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Give your Garden an Early Start

9 min read | Feb 6, 2013 | Plants  Resources 

Starting Seeds Indoors

I don’t know about you, but I have had enough of winter.  To me, February means that Spring really isn’t too far away or at least there’s light at the end of the tunnel.   You can always count on Old Man Winter to throw in a warm day or two just to tease us plus it’s time to start some veggie seeds indoors. This is one way we can cheer ourselves up in late winter and it’s a great way to get your hands in the dirt, even when it’s still chilly outside.

There are several good reasons to start plants from seed indoors. Growing your vegetables and herbs and even flowers from seed can be a very rewarding experience. It’s an economical way of providing fresh veggies for your family.  Another reason is you gain between 4 and 6 weeks of growing time.  As you probably know,  our summers heat up really fast around here so your plants will have had time to established themselves inside before the hot weather arrives outside. You also have many more varieties to choose from because you are not limited to only whats available locally as young plants.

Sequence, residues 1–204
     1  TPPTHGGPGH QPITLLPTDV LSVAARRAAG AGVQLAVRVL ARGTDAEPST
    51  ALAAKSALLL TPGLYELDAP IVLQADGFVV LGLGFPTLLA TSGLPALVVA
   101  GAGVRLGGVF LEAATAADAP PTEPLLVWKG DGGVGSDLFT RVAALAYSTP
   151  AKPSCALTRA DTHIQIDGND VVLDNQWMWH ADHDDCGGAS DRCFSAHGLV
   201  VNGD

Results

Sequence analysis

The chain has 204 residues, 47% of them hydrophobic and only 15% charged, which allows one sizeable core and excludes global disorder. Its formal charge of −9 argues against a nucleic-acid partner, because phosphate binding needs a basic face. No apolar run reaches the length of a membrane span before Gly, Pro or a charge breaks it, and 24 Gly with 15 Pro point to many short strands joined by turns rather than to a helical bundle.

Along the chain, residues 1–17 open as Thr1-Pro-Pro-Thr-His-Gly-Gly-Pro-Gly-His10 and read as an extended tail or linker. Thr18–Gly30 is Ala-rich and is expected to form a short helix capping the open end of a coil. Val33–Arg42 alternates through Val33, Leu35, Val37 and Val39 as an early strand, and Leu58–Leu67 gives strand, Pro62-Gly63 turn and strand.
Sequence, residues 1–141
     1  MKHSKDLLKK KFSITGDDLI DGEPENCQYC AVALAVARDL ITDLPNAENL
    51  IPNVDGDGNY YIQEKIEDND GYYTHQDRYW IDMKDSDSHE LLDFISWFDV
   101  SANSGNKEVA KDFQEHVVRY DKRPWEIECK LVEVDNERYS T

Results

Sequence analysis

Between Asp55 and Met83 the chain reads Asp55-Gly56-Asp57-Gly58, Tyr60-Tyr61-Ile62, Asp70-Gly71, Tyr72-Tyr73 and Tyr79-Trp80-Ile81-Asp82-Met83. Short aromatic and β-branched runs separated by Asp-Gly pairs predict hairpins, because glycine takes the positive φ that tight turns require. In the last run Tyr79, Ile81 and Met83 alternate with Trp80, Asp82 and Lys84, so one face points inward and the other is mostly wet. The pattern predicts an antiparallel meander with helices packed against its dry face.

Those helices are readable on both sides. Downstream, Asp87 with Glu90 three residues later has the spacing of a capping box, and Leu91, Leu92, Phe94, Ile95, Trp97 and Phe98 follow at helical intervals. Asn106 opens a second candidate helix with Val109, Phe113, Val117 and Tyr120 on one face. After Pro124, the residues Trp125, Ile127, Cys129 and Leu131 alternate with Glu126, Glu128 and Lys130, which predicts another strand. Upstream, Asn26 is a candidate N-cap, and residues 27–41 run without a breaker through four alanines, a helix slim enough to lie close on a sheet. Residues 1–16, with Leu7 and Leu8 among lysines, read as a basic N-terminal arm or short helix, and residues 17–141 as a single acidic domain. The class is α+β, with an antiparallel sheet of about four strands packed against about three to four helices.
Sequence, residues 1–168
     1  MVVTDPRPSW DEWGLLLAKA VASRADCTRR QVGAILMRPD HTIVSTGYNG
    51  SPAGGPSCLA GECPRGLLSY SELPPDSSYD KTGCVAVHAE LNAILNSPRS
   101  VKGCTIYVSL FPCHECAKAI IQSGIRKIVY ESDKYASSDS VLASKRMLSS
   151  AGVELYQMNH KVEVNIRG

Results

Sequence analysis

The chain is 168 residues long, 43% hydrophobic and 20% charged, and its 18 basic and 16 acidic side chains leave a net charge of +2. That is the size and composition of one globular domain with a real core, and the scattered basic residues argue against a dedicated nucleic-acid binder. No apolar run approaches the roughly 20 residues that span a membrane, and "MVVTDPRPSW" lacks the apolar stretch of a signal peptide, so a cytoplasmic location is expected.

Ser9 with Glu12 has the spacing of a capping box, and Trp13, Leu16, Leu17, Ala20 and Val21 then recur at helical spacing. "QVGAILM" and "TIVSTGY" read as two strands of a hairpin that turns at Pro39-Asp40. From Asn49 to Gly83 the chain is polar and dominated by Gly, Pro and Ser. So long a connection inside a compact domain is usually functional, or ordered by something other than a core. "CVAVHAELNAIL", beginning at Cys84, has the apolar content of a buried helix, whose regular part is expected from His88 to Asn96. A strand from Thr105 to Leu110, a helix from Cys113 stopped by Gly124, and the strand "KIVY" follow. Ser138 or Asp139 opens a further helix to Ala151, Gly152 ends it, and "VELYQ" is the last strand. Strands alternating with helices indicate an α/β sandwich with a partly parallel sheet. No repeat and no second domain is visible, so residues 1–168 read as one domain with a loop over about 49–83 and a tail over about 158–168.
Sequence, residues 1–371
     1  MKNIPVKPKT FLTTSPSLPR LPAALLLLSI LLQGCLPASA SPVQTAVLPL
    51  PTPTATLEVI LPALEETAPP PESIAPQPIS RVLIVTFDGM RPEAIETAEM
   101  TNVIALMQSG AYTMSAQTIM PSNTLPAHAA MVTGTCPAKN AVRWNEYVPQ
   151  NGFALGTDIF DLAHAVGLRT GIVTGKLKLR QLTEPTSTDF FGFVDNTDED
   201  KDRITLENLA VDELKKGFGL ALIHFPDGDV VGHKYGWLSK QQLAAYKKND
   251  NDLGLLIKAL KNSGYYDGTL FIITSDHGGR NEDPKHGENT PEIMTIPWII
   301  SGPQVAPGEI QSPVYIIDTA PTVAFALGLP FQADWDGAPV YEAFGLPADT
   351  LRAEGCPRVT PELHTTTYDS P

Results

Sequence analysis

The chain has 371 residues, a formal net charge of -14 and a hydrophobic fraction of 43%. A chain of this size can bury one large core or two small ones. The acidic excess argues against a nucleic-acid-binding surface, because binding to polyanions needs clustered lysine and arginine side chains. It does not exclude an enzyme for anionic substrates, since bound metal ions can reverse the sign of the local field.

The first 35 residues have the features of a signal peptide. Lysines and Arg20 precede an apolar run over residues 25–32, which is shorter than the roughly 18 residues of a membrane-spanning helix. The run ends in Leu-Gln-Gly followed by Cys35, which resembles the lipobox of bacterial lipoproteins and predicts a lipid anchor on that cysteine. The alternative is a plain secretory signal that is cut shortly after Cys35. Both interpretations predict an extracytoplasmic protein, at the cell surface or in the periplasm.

Of course, there are two reasons not to start from seed and buy young plants at the garden center: 1 – It’s easier, and 2 – It’s less time-consuming.   It depends on your situation – but let’s assume you’re going to be bold and start your plants indoors.

Seed Display

Let’s talk about the seeds for a minute. Some seeds transplant well and can be started indoors. Some don’t like their delicate root system disturbed, so it best to sow those directly in the ground after all chance of frost has passed.  The seed packets will give you most of the information you’ll need about which ones can be started indoors and which ones work best when sown directly in the ground. The lists below will give you some idea of what to plan for: